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You may find it convenient to create a symbolic link 
ln -s nosst0 /dev/tape
to make programs assuming a default name of /dev/tape more convenient to

The device nodes for osst have to be created. Use the Makedevs.sh script
attached to this file.

Using it
You may use the OnStream tape driver with your standard backup software,
which may be tar, cpio, amanda, arkeia, BRU, Lone Tar, ...
by specifying /dev/(n)osst0 as the tape device to use or using the above
symlink trick. The IOCTLs to control tape operation are also mostly
supported and you may try the mt (or mt_st) program to jump between
filemarks, eject the tape, ...

There's one limitation: You need to use a block size of 32kB.

(This limitation is worked on and will be fixed in version 0.8.8 of
 this driver.)

If you just want to get started with standard software, here is an example
for creating and restoring a full backup:
# Backup
tar cvf - / --exclude /proc | buffer -s 32k -m 24M -B -t -o /dev/nosst0
# Restore
buffer -s 32k -m 8M -B -t -i /dev/osst0 | tar xvf - -C /

The buffer command has been used to buffer the data before it goes to the
tape (or the file system) in order to smooth out the data stream and prevent
the tape from needing to stop and rewind. The OnStream does have an internal
buffer and a variable speed which help this, but especially on writing, the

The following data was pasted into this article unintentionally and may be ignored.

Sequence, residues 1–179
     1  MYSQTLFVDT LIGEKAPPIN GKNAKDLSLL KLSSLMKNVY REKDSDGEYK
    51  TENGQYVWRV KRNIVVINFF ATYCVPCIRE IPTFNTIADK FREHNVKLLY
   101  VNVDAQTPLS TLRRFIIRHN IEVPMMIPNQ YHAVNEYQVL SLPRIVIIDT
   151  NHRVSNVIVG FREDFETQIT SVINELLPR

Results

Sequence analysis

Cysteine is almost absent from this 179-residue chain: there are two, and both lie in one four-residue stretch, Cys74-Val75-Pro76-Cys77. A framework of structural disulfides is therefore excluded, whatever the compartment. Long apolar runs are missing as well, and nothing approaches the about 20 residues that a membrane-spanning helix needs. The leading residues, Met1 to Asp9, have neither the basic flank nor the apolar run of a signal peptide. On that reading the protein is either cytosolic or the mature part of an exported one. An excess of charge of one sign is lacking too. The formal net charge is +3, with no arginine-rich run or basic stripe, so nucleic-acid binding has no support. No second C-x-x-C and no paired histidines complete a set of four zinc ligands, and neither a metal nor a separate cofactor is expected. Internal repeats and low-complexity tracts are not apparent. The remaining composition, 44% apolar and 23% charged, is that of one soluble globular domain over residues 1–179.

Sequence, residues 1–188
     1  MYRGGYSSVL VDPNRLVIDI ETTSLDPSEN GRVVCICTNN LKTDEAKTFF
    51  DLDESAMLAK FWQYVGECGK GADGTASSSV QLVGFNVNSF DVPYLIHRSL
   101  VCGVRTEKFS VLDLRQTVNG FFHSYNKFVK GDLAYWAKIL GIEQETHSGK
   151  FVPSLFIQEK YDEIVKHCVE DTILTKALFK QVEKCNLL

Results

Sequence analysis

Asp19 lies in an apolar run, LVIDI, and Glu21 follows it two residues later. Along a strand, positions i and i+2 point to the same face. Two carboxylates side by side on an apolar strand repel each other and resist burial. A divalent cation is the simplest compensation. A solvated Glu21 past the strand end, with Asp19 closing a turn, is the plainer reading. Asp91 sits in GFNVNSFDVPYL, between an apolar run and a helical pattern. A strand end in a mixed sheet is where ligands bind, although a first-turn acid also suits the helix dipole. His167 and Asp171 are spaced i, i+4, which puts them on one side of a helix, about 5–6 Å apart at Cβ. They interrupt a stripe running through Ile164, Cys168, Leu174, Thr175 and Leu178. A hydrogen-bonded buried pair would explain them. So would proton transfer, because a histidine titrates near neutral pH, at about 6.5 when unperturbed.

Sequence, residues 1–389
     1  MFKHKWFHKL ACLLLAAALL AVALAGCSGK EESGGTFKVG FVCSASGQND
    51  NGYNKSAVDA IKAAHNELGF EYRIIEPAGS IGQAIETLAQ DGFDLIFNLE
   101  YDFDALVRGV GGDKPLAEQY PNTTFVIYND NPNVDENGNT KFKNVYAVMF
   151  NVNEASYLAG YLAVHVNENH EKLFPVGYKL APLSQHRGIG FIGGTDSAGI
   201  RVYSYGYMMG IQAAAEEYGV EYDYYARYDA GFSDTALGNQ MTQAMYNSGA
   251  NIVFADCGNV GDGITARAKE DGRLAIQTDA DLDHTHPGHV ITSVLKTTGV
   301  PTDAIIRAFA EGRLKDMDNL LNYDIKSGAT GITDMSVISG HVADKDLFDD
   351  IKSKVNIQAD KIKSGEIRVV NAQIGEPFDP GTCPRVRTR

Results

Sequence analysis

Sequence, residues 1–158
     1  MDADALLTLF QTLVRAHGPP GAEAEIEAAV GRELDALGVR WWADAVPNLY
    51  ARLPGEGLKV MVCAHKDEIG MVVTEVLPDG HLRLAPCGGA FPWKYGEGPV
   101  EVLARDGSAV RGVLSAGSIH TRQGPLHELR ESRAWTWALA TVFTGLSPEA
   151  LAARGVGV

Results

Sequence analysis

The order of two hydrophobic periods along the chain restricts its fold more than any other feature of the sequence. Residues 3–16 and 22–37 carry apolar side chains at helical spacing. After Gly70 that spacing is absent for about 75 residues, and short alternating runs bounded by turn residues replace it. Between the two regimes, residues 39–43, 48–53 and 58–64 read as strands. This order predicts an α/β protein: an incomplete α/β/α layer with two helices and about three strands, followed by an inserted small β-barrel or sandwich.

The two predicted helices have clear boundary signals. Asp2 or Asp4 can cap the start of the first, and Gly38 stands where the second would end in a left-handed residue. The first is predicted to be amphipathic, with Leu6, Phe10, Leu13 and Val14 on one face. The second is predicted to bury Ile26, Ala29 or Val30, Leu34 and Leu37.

buffering still proves useful in most cases. It also pads the data to
guarantees the block size of 32k. (Otherwise you may pass the -b64 option to
Expect something like 1.8MB/s for the SC-x0 drives and 0.9MB/s for the DI-30.
The USB drive will give you about 0.7MB/s.
On a fast machine, you may profit from software data compression (z flag for

Via the SCSI emulation layers usb-storage and ide-scsi, you can also use the
osst driver to drive the USB-30 and the DI-30 drives. (Unfortunately, there
is no such layer for the parallel port, otherwise the DP-30 would work as
well.) For the USB support, you need the latest 2.4.0-test kernels and the 
latest usb-storage driver from 

Note that the ide-tape driver as of 1.16f uses a slightly outdated on-tape
format and therefore is not completely interoperable with osst tapes.

The ADR-x0 line is fully SCSI-2 compliant and is supported by st, not osst.
The on-tape format is supposed to be compatible with the one used by osst.

Feedback and updates
The driver development is coordinated through a mailing list
a CVS repository and some web pages. 
The tester's pages which contain recent news and updated drivers to download
can be found on
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If you find any problems, please have a look at the tester's page in order
to see whether the problem is already known and solved. Otherwise, please
report it to the mailing list. Your feedback is welcome. (This holds also